Huawei: We're Still Building Our U.S. Enterprise Business, Channel

Huawei says it's still interested in developing its U.S. enterprise business, despite recent comments from one of its top executives that suggested the company had given up on doing business in the U.S. market.

At a conference in Shenzhen, China earlier this week, Huawei Deputy Chairman Eric Xu told analysts that Huawei is "not interested in the U.S. market anymore," as reported by Reuters. Xu also said Huawei had cut its U.S. enterprise sales target for 2017 from $15 billion to $10 billion.

Francis Hopkins, director of corporate communications for Huawei's U.S. headquarters in Plano, Texas, told CRN Wednesday that Xu was referring to Huawei's U.S carrier network business, particularly business with Tier One operators, and not Huawei's U.S. enterprise business.

Huawei not only plans to continue doing business in the U.S., it's also expanding its enterprise marketing efforts and looking to build its partner channel, Hopkins said in an email.

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Huawei is planning to showcase its servers, storage, and networking gear at the Spring Interop 2013 conference next month, Hopkins said in the email. Later that month, Huawei will hold its first partner conference under its own brand, a follow-up from the one it held two years ago when it was known as Huawei-Symantec.

Huawei's decision to lessen its focus on the U.S. carrier market isn't surprising. The U.S. government has been scrutinizing Huawei's close ties to China's government and the security implications of Huawei providing U.S. carrier infrastructure.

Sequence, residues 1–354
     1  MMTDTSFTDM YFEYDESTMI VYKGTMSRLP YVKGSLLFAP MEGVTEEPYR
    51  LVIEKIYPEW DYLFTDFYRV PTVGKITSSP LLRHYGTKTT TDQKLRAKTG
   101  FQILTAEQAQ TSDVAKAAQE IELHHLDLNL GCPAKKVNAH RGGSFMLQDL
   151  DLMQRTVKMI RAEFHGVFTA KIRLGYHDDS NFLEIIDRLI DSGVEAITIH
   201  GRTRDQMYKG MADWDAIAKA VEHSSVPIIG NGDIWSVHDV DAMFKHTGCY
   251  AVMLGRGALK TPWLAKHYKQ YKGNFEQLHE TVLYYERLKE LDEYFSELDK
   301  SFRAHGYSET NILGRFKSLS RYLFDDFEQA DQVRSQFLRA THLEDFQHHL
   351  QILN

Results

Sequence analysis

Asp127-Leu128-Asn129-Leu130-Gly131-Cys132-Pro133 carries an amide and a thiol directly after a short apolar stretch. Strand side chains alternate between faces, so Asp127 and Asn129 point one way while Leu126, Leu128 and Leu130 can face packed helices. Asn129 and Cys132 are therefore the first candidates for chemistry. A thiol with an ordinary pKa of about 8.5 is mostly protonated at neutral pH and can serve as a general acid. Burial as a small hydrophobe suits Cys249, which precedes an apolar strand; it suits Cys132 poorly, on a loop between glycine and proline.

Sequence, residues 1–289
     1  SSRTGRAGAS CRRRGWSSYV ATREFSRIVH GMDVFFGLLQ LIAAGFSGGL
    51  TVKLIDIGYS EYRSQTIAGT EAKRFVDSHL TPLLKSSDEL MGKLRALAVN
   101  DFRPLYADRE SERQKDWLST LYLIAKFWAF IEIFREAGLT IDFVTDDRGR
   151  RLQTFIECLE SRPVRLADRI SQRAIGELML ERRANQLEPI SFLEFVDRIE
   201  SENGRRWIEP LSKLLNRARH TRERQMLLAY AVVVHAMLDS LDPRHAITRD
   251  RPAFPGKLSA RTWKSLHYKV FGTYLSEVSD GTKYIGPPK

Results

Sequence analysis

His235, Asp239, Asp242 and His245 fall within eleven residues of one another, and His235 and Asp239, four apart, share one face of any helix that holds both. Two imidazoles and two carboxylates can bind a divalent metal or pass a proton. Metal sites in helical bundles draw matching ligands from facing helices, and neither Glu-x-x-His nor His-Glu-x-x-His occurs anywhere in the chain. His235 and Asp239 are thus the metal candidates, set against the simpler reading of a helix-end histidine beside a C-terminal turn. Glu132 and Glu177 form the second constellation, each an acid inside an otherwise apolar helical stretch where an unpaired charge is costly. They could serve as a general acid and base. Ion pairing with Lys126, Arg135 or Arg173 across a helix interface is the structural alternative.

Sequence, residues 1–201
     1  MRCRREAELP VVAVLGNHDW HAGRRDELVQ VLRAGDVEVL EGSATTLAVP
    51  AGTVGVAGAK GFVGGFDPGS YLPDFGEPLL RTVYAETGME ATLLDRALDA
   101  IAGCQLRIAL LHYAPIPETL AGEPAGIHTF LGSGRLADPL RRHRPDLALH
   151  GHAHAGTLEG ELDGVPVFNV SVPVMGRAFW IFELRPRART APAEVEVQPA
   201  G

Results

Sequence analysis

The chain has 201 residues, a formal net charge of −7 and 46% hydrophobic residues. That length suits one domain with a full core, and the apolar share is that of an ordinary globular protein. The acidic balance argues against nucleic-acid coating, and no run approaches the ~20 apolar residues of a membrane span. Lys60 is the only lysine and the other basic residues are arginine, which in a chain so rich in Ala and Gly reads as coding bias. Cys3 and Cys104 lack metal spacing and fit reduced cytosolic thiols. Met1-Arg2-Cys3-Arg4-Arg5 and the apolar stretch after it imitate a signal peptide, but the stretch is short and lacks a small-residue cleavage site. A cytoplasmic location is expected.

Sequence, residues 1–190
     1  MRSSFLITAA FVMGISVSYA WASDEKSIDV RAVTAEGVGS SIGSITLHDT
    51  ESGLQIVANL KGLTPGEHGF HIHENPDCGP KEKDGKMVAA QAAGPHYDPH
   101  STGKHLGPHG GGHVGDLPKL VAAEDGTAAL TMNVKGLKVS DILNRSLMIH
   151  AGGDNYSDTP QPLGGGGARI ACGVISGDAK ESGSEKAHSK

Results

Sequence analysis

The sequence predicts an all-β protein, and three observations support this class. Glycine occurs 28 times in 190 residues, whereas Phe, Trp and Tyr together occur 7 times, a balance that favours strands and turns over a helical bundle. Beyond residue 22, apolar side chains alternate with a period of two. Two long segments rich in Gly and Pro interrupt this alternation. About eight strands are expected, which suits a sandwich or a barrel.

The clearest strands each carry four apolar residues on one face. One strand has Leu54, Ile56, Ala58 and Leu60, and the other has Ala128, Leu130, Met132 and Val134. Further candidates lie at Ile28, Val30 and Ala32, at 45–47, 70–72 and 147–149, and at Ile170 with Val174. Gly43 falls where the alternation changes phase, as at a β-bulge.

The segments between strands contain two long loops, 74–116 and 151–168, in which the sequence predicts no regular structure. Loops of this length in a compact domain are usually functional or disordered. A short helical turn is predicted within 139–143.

Hopkins said Huawei's global carrier network business is primarily from developed markets outside the U.S.

"The situation in the U.S. is the same today as it was a week ago, a month ago, etc., and [Xu's comment] reflects the realities of our carrier network business in the U.S.," Hopkins said in the email.

"Simply put, the current U.S. market environment makes it difficult for this market to become a primary revenue source or a key growth area for our carrier network."

NEXT: Channel Concerns Based On Past Huawei-Symantec Experience

Huawei-Symantec was a joint venture between Huawei and Symantec, the U.S.-based security vendor. Symantec in late 2011 sold its stake to Huawei, which then closed down operations in the U.S. except for servicing existing customers.

Jeanne Wilson, president of Condor Storage, a Sedona, Ariz.-based solution provider which partnered with Huawei-Symantec in the past, said she is taking a wait-and-see approach to Huawei.

"When Huawei laid its storage people off, we were caught unawares," Wilson said. "All they left us was a phone number for support.

Glenn Conley, president and CEO of Metropark Communications, a St. Louis-based solution provider, said he took the Huawei corporate comment as more focused on the carrier side, and not on the enterprise side.

"Over the last year, I have had multiple [Huawei] guys fly directly from China to here at Metropark and start going through what are the things we need to compete in North America, and start laying out the routers and switches and putting together a suite of products," Conley said. "And now they are having a partner summit, and I know they are putting some money into the Interop show in Vegas. So it sounds like they are shifting their focus more from the carrier side to the enterprise side, and I love that."

Conley said half of his customers raise security concerns when buying Huawei products, and half do not.

"The half that don’t ask, they couldn’t care less, as long we're providing a decent solution to them," he said. "The ones I am having conversations with, on that level, they're saying, well if the government is going to come in and say I can't buy from them or I shouldn't buy from them, then maybe we should look at them extra hard. "

Kristin Bent contributed to this article.